Thursday, 1 June 2000

Coptic art steals the show

Al Ahram Weekly by Jill Kamil and Nevine El-Aref

Who are the Copts? What is their history? Who founded the famous monasteries on the Red Sea coast? With Coptic Egypt significantly overshadowed in the West by an unquenchable thirst for all things Pharaonic, these questions fail to figure on any considerable scale in foreign exhibitions of Egyptian antiquities.

Which is what makes the exhibition on Coptic art at the Arab World Institute (Institut du Monde Arabe) in Paris so exciting. Celebrating 2,000 years of Christianity in Egypt, it is the first exhibition of Coptic art in France for 36 years. An earlier exhibit, at the Petit Palais in Paris in 1964, was on a much smaller scale and did not include any objects from Egyptian collections.

The current exhibition, which will run at the Arab World Institute until September, features more than 350 unique objects, 105 of which are from the Coptic and Islamic museums in Cairo. In France, objects have been chosen from the Louvre, in Paris, and the Textile Museum in Lyon. Other objects hail from Italy's Turin Museum, the British Museum, the Egyptological Institute of Heidelberg, the Pierpont Morgan Library in New York, Russia's Hermitage in Saint Petersburg and the Pushkin Museum in Moscow.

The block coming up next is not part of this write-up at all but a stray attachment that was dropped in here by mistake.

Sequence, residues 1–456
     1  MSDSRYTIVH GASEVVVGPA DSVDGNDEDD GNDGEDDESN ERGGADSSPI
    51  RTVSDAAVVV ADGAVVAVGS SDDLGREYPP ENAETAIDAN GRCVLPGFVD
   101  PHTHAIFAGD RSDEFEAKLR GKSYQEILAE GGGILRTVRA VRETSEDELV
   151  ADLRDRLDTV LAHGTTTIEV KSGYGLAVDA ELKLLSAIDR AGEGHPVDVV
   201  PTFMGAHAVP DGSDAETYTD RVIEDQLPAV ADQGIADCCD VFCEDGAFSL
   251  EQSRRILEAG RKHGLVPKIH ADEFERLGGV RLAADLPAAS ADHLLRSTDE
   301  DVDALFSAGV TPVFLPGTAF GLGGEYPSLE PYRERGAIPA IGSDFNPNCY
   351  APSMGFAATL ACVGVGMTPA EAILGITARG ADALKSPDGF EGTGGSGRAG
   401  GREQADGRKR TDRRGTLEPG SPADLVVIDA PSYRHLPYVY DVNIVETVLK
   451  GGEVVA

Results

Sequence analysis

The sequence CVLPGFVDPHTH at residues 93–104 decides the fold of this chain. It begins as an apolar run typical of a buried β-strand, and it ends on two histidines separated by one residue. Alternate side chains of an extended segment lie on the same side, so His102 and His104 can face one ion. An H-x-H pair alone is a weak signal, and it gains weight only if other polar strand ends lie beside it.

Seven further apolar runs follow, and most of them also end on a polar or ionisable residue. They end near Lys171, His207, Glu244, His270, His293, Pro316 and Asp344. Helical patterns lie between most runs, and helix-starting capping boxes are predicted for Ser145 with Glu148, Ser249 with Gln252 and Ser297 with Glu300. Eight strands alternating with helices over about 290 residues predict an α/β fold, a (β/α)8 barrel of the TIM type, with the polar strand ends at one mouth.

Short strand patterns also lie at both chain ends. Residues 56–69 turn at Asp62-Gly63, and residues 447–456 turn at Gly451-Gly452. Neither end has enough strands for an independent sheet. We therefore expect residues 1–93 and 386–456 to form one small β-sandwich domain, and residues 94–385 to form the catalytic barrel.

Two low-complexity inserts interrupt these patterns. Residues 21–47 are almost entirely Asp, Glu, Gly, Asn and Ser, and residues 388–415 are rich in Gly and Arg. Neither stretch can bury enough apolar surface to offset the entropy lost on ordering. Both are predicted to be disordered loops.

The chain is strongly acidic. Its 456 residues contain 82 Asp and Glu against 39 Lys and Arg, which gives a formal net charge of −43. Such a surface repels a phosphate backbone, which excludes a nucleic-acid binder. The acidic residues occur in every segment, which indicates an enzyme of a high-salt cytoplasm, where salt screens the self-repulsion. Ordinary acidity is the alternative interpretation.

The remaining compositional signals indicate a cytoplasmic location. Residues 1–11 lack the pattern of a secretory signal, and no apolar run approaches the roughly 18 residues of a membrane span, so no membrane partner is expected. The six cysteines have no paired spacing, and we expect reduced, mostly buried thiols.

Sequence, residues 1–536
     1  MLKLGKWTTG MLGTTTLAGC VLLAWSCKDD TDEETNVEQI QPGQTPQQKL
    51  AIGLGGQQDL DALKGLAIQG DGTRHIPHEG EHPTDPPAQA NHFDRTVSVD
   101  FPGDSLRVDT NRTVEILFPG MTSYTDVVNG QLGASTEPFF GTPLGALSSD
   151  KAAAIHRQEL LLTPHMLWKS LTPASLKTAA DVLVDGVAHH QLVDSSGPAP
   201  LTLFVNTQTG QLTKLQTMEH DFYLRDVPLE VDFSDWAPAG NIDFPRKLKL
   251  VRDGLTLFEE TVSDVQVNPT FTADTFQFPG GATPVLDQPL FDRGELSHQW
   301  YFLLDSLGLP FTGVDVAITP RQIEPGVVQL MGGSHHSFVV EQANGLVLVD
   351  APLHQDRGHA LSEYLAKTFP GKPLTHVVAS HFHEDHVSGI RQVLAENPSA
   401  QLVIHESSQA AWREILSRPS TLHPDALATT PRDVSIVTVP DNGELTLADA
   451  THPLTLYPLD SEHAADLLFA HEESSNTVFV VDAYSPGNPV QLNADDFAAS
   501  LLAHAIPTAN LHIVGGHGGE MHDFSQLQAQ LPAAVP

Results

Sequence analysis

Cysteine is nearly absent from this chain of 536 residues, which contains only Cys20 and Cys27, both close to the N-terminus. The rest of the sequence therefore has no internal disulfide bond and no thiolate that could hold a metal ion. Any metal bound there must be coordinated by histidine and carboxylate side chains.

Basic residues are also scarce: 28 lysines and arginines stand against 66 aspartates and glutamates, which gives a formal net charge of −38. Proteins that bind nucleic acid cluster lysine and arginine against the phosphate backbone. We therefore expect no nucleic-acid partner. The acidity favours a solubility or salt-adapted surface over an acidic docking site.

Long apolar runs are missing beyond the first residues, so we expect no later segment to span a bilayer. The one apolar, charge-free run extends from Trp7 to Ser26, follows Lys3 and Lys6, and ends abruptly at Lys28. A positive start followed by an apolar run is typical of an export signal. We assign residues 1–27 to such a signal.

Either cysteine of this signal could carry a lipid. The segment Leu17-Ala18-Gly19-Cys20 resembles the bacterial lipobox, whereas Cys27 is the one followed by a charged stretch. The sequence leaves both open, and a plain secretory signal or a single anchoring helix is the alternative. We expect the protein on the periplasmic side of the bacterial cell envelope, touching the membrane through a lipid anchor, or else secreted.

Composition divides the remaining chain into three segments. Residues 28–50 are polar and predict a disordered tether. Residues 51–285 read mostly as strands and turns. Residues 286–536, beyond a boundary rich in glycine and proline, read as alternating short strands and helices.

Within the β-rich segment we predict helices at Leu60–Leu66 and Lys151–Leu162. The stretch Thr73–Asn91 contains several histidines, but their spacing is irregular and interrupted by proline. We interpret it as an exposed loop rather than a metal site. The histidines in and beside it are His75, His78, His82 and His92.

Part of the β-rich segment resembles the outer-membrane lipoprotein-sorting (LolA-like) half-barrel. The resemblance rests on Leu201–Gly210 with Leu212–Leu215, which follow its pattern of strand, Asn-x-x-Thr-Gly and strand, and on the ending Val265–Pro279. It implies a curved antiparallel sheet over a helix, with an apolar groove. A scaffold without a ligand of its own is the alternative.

"This is the first time ever that Coptic objects from Egypt have been selected for exhibition abroad," said Gaballa Ali Gaballa, secretary-general of the Supreme Council of Antiquities (SCA). The bulk of Egyptian objects are from Cairo's Coptic Museum.

The exhibition is in the central hall of the institute, one of the most splendid and prestigious locations covering an area of 1,200 square metres. The objects are divided into numerous sections that cover the gamut of Coptic history -- from icons to children's toys to funerary objects. Displays range from textiles and manuscripts to cosmetics, jewellery, ceramics, wall paintings, metalwork and stone and wooden statues. Visitors will also see Coptic literature, on papyrus and parchment, as well as stone fragments inscribed with texts (known as ostraca).

See the above page for more details, with photographs.

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